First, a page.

By Ileana Martinez
Along history, interracial marriage has been a matter of controversy and criticism. It was not until 1967 that the first-ever legal battle in the U.S Supreme Court occurred with the case of Loving V. Virginia that pursued rights for interracial marriages. Nowadays marriage between people of different races is quite common place. Immigration, global markets and the constant exposure to and from media and internet sources have created the perfect setting for cultural interaction creating a general global shift in our social paradigm. There are now communities integrated by people of different races who share the same type of values, ideas and common traditions. We find groups that operate in a magnificent way in businesses, commerce, the sciences, and the arts; people—who do not necessarily share the same genetic traits!
It is important to differentiate what race and culture represent. Race is defined as “A local geographic or global human population distinguished as a more or less distinct group by genetically transmitted physical characteristics.” We are talking about a genetic structure or a qualitative point of view regarding physical traits. Culture on the other hand is understood as “the customs and beliefs, art, way of life and social organization of a particular country or group.” Race can be understood as a social label towards physical traits, while culture is the end product of social judgment, targeted at a certain lifestyle integrated by beliefs and customs.
Marriage has multiple meanings according to the different cultures across the world. It is surrounded by diverse rituals that transcend the meaning of the ceremony, representing the love and emotions invested in the relationship beyond the couple or even families and taking root in an entire culture and people. Therefore the traditions and costumes in America will be completely different than the ones performed in India or any other part of the world.
“Marriage can refer to a legal contract and civil status, a religious rite, and a social practice, all of which vary by legal jurisdiction, religious doctrine, and culture. History shows considerable variation in marital practices: polygamy has been widely practiced, some societies have approved of extra-marital sex and, arguably, recognized same-sex marriages, and religious or civil office has not always been the norm “(Boswell 1994; Mohr 2005, 62; Coontz 2006). Interracial marriage can encompass a multitude of variables that could represent unique challenges in a relationship. Certain foundational aspects first need to be agreed upon in order to have a chance at a successful marriage, for example, someone who does not agree with polygamy is not likely to successfully marry someone who is an active polygamist. Whatever the meaning of the transcendent emotions of a marriage, the individuals still have to show certain coherence with the core beliefs of their union, and each individual’s cultural baggage and beliefs must be included in order to have a healthy marriage.
The way we are raised, our life history and all the conscious and subconscious elements that cross our paths influence “who” we are—our personality and our character included. History is often made to be repeated, as programed beings enslaved to our own experience, our choices and interests are impacted by, and even guided by the cultural and moral baggage we bring with us. However, we go beyond this and can grow to include many more viewpoints and integrate new cultural ideals and practices into our daily lives and general global paradigm. Today, it´s common to find people of different ethnicities and race living in a foreign country, and in most cases, citizens and completely integrated with the culture of the adoptive country, so often it is the subjective mixing of these norms that shape who we are and how we view our connection with our spouse. The amount of similar ideals that a couple shares will be proportionate to the agreements in ‘family’ cultural decisions made by the couple and the kids, if they choose to have them.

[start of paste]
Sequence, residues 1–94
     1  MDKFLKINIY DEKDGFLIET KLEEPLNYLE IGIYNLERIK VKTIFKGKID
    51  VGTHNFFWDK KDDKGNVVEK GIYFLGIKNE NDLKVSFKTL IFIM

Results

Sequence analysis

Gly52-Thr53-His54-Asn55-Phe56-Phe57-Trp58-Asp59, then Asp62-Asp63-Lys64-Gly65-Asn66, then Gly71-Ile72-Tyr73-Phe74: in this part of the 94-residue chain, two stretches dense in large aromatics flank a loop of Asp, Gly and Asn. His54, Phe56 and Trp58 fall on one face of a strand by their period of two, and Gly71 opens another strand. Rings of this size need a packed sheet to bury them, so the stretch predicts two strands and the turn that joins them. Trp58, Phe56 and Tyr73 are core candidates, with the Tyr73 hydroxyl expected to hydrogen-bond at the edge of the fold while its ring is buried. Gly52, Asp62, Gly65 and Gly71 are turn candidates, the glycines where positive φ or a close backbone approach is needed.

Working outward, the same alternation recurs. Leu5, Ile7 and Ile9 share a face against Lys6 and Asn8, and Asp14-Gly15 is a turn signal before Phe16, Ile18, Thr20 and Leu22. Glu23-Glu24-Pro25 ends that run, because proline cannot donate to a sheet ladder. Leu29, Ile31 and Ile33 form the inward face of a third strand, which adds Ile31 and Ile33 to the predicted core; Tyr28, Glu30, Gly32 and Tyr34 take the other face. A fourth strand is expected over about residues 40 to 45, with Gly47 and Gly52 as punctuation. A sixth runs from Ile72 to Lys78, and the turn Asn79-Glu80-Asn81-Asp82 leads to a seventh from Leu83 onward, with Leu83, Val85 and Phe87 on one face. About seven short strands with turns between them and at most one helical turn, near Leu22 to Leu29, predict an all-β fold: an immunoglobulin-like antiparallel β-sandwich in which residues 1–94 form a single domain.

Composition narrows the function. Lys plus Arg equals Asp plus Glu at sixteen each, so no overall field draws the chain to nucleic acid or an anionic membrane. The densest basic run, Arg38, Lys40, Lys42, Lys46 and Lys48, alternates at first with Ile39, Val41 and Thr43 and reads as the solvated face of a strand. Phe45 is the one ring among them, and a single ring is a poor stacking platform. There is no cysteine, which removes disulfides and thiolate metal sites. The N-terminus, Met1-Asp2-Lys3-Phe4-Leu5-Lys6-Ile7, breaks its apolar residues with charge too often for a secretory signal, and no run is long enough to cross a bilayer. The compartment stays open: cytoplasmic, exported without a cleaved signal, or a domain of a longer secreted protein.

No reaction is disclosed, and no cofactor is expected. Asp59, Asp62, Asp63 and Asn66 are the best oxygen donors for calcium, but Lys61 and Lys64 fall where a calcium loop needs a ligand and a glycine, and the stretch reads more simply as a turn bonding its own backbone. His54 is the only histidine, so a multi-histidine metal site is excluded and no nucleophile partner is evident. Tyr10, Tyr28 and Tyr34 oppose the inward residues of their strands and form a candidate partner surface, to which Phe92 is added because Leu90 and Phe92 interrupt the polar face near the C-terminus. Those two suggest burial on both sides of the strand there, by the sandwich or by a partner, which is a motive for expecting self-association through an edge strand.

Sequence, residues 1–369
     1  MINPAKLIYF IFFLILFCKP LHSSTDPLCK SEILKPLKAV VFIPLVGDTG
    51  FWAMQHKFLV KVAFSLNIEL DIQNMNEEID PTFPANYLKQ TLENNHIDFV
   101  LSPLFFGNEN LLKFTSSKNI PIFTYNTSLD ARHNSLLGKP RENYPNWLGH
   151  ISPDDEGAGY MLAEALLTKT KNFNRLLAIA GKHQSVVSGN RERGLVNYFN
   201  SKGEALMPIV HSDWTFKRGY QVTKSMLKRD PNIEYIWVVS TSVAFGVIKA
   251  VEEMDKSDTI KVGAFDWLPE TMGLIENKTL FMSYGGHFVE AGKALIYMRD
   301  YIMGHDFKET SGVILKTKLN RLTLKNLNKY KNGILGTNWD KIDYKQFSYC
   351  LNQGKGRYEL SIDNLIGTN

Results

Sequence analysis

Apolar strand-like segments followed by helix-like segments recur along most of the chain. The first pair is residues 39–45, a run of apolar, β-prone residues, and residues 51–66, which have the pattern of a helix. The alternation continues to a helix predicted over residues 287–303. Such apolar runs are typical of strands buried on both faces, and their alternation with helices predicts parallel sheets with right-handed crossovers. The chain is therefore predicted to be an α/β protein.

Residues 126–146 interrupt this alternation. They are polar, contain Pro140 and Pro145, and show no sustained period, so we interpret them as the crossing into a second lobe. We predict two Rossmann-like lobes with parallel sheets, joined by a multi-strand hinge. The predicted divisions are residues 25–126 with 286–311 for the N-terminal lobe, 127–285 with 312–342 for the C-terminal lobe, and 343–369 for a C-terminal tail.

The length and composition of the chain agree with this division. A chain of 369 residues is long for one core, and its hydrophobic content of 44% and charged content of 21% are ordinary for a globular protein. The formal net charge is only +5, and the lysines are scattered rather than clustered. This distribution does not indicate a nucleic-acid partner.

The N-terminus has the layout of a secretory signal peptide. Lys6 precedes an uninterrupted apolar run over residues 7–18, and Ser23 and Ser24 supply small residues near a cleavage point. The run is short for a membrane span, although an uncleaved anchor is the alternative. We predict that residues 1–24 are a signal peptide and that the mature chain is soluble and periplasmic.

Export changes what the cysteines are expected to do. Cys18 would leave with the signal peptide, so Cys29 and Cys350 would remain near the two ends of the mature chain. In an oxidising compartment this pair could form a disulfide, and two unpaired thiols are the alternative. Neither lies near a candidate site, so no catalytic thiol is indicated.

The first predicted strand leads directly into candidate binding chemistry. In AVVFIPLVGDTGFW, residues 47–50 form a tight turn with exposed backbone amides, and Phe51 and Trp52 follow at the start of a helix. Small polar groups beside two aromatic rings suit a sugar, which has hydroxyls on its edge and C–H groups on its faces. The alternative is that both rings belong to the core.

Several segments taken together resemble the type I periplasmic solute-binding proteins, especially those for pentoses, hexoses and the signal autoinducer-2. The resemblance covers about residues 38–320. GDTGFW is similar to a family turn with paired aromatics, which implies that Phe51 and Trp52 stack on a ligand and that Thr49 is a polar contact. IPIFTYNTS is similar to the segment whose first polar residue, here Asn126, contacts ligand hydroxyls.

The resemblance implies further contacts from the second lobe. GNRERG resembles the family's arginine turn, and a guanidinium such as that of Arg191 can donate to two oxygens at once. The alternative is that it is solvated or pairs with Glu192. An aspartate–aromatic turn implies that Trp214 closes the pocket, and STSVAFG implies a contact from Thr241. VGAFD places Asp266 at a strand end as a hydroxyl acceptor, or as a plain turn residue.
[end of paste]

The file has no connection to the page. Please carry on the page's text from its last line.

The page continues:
But the reality still remains that, when people of different races and cultures get married, the cultures must crash into each other in some way. When some values counter one another within this dynamic, friction gets created between what one is choosing to believe individually and what has previously been a comfort zone bringing to the surface an epistemological rupture that can lead to a serious questioning of what is ‘right’ or ‘wrong’. It is a process that can put the union and stability of the relationship to test. Some people may find it hard to cope with the loss of certain ‘traditions’ within the first stages of marriage; or when decisions on “how to raise children” become more relevant in the couple’s lives. There is a certain loss, which requires a “battle” to let go of certain things and views and adopt different ones. Finding a bonding and loving way to get through this process can, however, bring individuals closer in creating and sharing a new “personal culture”.
Ileana Martinez is a freelance writer with a Bachelor’s degree in Psychology and also Bachelor of Engineering in Biotechnology. She lives in Atizapan, Mexico. Imalva.Psychology@gmail.com
The American Heritage® Dictionary of the English Language, Fourth Edition copyright 2000 by Houghton Mifflin Company. Updated in 2009.
Boswell, John, 1994. The Marriage of Likeness: Same-Sex Unions in Pre-Modern Europe, London: HarperCollins.
Coontz, Stephanie, 2006. Marriage: a History, London: Penguin
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Mohr, Richard D., 2005, The Long Arc of Justice: Lesbian and Gay Marriage, Equality, and Rights, New York: Columbia University Press.
Oxford Dictionary, 2013. Oxford University Press.
The American Heritage, 2009. Dictionary of the English Language, Fourth .Houghton Mifflin Company. Updated in 2009. Published by Houghton Mifflin Company.